Prosperity Watch Issue 57, No. 1: Threats to Prosperity Abound as 2016 Begins

January 5, 2015

As we witness a parade of claims that North Carolina’s economy is the envy of the nation, the facts tell a very different story. North Carolina’s economy is not working for everyone.

The Budget & Tax Center recently published a series of charts that outline the many threats to prosperity that need to be named, highlighted, and discussed in 2016. To see the full Chartbook, and to pledge to be engaged this year, visit our Resolve to Act in 2016 page or click on the chartbook slideshow below

Our economy is still not working well enough to create the jobs needed. If we counted all of the people who have left the labor market over the last several years because there are not enough jobs to go around, unemployment in North Carolina is likely still north of 10%. Even those who have been able to find work represent a smaller share of North Carolinians with a job than before the recession started. Unfortunately, economic reality has not yet produced a change of course in Raleigh. Many elected leaders continue to believe that tax cuts will solve our economic ills, in spite of the fact that state’s like California and Massachusetts that focus more on investing than cutting have seen stronger recoveries than North Carolina or our neighbors to the south.

North Carolina has a wage problem. The past decade has seen North Carolina workers take home less of the value they create. While wage stagnation is a national problem, it is particularly acute in North Carolina, resulting in North Carolina wages losing ground compared to the nation. Moreover, barriers to equal earnings  have actually grown during the recovery. The unfortunate reality is that far too many North Carolinians, particularly those earning at or near the minimum wage, are not earning enough to make ends meet. This holds the economy back from reaching its full potential.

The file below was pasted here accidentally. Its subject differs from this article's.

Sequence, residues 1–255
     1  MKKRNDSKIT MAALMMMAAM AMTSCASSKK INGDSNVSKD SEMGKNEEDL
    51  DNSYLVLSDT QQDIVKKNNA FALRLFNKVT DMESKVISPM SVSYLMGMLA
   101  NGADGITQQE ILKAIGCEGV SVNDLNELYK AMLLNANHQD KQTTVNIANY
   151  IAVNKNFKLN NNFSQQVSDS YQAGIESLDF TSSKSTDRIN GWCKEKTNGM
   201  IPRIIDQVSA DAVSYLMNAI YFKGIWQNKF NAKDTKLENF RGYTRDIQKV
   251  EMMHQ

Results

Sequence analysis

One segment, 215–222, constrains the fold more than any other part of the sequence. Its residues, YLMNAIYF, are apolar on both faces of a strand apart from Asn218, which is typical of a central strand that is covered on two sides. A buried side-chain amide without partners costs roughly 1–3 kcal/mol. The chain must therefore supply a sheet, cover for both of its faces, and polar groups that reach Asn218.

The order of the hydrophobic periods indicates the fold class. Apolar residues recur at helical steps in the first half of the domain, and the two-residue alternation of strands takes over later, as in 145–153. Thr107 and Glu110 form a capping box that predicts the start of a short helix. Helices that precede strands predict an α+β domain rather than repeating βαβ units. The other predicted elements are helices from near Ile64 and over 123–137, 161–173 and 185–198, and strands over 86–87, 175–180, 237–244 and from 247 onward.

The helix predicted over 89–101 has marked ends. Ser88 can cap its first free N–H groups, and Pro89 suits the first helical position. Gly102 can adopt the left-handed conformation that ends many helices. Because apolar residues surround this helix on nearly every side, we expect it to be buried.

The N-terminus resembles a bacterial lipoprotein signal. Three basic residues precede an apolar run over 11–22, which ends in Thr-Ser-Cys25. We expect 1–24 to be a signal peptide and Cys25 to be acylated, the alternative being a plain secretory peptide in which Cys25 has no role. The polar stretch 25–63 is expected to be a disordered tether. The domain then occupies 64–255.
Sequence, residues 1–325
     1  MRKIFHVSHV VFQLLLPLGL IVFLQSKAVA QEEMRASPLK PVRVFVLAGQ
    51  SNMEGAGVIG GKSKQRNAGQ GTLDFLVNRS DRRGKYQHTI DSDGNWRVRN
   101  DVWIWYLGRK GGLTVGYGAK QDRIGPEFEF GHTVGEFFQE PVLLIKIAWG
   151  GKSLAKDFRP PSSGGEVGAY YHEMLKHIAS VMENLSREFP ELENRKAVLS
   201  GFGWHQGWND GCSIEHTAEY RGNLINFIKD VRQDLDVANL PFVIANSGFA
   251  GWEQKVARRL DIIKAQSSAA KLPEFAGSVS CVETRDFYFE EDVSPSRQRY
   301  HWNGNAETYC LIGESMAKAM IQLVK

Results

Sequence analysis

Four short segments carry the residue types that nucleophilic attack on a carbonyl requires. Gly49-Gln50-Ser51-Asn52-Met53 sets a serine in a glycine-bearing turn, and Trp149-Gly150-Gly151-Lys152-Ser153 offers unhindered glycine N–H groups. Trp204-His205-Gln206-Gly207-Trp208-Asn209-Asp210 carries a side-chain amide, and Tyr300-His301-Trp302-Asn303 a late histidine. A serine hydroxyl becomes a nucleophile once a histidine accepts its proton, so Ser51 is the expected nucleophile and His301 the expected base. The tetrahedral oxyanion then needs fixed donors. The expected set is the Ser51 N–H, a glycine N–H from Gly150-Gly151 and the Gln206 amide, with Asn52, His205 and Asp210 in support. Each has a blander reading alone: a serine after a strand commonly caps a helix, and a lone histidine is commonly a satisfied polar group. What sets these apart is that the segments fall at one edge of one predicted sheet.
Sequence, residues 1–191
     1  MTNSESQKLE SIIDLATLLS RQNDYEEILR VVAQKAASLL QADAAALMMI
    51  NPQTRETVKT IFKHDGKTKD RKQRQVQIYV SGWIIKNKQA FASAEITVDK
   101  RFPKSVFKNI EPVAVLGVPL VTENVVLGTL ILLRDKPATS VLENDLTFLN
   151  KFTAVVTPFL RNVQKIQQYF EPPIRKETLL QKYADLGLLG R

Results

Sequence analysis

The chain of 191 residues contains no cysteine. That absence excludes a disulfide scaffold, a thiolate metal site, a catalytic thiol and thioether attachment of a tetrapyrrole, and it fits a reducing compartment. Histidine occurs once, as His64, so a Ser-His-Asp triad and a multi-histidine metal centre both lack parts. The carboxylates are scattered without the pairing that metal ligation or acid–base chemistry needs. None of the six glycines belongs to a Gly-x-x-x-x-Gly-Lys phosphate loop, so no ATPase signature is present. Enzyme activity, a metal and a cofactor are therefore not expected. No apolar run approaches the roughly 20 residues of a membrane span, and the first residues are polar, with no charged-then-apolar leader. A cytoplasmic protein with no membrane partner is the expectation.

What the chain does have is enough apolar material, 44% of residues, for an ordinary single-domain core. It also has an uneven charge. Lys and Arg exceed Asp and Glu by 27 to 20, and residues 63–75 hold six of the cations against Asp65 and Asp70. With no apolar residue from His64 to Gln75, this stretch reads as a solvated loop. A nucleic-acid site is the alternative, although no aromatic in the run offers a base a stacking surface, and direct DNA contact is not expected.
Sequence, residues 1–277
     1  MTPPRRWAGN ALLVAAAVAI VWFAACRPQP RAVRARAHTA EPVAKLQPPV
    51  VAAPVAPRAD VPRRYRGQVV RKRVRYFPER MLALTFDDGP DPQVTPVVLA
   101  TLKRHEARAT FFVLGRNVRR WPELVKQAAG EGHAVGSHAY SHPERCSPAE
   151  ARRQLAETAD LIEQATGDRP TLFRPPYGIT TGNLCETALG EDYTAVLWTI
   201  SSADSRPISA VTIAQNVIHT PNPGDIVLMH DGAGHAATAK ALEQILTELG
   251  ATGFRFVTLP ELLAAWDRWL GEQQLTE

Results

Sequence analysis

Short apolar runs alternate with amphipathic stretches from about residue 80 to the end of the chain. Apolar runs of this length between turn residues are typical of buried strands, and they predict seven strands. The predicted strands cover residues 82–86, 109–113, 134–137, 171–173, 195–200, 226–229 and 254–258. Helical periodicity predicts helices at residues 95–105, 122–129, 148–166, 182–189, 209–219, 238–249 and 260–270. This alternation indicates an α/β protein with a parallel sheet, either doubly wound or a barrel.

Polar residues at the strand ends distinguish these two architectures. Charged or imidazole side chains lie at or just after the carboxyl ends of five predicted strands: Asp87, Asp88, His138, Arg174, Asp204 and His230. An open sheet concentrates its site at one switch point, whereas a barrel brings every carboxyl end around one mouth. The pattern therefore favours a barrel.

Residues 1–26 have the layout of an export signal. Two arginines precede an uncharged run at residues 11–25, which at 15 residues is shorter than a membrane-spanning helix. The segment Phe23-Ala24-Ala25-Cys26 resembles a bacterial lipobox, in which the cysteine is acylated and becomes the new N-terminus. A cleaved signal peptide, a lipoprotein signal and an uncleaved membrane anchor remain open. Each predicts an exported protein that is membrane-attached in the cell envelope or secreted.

Too many North Carolinians face economic hardship every day. Poverty, which spiked as the Great Recession took hold, has not come back down to pre-recession levels. Because much of the economic growth over the last few years has been concentrated in a few parts of the state, many communities are still struggling to contend with more than 1 in 5 people living in poverty.

We need to do more to help small businesses. Since the start of the recovery in 2009, larger companies have collectively grown much faster than smaller businesses. At the same time, state leaders passed laws that will make life more difficult for immigrants, who are increasingly important to the economic vitality of main street North Carolina.

We are underfunding our economic future. State spending is at its lowest level in 40 years, shortchanging investment in education, infrastructure, and innovation. Unless we change course, immediate needs will go unaddressed and North Carolina’s long-term economic foundation will crumble.

Research & Publications: